Shapiro takes charge of 21st Theater Sustainment Command
By JOHN VANDIVER | STARS AND STRIPES Published: June 30, 2017
Maj. Gen. Steven A. Shapiro took command Friday of the Army’s sustainment forces in Europe, which over the past two years have enabled one of the largest movements of ammunition, armor and troops back to the Continent since the end of the Cold War.
Shapiro replaces Maj. Gen. Duane Gamble, who has led the 21st Theater Sustainment Command during a hectic tenure that saw the Army boost its presence in eastern Europe in response to concerns about a more aggressive Russia.
“We had to have more capability and we had to demonstrate that capability and the will to use that capability to send a clear message,” said U.S. Army Europe's Lt. Gen. Ben Hodges during a ceremony at 21st TSC headquarters in Kaiserslautern. “It is not inevitable there is going to be a conflict. The best way to keep it unlikely is to demonstrate that capability.”
Hodges said the 21st TSC’s role in bringing tanks and other hardware to Europe has been key to getting firepower back in position in Europe.
Shaprio who previously served as deputy chief of staff for logistics at Army Materiel Command in Alabama, will be responsible for carrying forward the flow of military hardware into Europe as the Pentagon increases funding for operations along NATO’s eastern flank. He also will responsible for ensuring supplies reach units spread out on remote missions stretching from the Baltics to southern Europe and Army garrisons in between.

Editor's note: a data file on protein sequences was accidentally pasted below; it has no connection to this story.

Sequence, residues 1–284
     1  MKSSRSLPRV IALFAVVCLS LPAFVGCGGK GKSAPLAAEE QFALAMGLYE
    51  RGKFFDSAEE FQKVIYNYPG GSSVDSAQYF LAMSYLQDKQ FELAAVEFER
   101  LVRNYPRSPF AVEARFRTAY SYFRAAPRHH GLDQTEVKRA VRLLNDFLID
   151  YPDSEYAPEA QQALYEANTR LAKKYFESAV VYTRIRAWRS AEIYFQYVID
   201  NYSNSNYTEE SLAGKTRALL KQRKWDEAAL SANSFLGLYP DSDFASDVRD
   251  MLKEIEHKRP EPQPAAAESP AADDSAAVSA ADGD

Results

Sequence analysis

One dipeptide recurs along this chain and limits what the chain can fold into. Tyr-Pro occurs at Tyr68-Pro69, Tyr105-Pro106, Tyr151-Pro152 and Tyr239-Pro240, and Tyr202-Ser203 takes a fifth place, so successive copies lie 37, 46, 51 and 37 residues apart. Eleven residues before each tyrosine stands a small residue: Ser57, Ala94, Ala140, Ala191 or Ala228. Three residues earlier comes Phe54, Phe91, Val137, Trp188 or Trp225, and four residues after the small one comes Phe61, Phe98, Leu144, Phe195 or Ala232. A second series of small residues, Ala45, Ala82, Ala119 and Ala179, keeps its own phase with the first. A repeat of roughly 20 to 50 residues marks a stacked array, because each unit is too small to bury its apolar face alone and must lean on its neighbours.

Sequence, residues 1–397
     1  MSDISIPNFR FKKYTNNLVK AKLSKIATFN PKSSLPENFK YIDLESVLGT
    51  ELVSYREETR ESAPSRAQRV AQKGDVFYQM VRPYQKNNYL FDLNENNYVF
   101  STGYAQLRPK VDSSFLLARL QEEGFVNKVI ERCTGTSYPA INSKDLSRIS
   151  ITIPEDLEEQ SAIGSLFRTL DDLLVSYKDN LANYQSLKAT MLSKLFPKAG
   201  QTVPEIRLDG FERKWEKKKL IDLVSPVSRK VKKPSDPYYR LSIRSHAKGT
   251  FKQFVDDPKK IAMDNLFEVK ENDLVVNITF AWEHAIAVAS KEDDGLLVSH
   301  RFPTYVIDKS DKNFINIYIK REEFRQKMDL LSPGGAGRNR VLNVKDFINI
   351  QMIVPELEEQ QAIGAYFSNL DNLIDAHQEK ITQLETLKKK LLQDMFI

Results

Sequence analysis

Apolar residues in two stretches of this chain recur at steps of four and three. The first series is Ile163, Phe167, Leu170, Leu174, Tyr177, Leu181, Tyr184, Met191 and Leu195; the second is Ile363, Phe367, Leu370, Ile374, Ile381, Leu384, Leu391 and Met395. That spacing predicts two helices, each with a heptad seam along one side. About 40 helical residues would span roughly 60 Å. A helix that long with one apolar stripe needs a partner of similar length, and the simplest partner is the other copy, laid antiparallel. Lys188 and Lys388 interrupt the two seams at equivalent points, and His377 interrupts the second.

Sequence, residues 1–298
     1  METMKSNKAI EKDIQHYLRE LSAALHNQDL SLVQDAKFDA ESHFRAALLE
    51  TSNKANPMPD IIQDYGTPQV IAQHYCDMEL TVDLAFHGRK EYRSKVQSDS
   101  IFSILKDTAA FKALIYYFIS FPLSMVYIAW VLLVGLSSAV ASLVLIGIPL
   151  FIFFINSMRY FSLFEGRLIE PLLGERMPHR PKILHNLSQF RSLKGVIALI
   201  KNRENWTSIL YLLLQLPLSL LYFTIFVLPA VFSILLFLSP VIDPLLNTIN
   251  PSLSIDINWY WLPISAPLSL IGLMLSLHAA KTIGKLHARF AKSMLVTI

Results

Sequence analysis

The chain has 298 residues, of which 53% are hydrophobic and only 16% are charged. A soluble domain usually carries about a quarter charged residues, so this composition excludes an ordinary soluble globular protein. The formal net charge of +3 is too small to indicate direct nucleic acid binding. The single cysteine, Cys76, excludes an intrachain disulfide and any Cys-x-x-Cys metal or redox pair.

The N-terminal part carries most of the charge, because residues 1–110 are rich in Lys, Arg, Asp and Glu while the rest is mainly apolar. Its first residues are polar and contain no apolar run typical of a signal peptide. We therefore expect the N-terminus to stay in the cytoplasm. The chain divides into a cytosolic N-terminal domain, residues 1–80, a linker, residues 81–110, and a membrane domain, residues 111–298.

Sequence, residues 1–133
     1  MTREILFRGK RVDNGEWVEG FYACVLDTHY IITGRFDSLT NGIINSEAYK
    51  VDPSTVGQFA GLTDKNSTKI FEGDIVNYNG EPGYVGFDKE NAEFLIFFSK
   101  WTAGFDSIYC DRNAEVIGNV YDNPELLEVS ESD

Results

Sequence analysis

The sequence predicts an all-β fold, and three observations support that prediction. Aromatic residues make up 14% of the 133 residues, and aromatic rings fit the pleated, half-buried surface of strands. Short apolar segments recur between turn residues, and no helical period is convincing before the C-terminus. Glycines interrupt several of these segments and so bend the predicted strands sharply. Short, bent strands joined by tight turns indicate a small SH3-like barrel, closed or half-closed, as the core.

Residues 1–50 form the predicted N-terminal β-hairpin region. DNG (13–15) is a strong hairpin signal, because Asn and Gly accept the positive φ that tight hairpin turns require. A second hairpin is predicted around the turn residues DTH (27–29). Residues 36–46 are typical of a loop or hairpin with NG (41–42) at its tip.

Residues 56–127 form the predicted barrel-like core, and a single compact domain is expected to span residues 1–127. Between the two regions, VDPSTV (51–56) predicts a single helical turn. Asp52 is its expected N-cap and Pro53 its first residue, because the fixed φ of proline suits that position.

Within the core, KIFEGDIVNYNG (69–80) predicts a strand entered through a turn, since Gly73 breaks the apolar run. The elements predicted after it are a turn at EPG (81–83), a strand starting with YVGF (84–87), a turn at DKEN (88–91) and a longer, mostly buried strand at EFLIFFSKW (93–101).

“I look forward to the next two years working with the great soldiers and civilians here,” Shapiro said. “I do pledge 100 percent effort on everything we are going to do.”
Going forward, the command’s largest logistical lift in the year ahead will likely be overseeing the movement of a U.S.-based replacement force for the 3rd Armored Combat Brigade, which is on a nine-month mission to reassure allies in a series of training missions along NATO’s eastern flank.
For USAREUR, concerns over a more assertive Russia have prompted leaders to examine ways it can more quickly mobilize forces in a crisis. Much of that work has fallen to 21st TSC logisticians, who sought to better chart the geographic terrain of the Baltics and Poland and improve the Army’s understanding of possible logjams that can slow the movement of troops in a crisis.
As the Army in Europe has shifted to a focus on deterring potential aggression, “our solders know the importance of this mission and have risen to meet the requirement,” Gamble said.
Gamble, along with Hodges, has led soldiers on a series of so-called terrain walks which have involved visits to ports, storage centers and railheads. Much of the focus has been in eastern Europe, with stops in the Baltics and Poland, which the Army describes as its “new center of gravity” in Europe.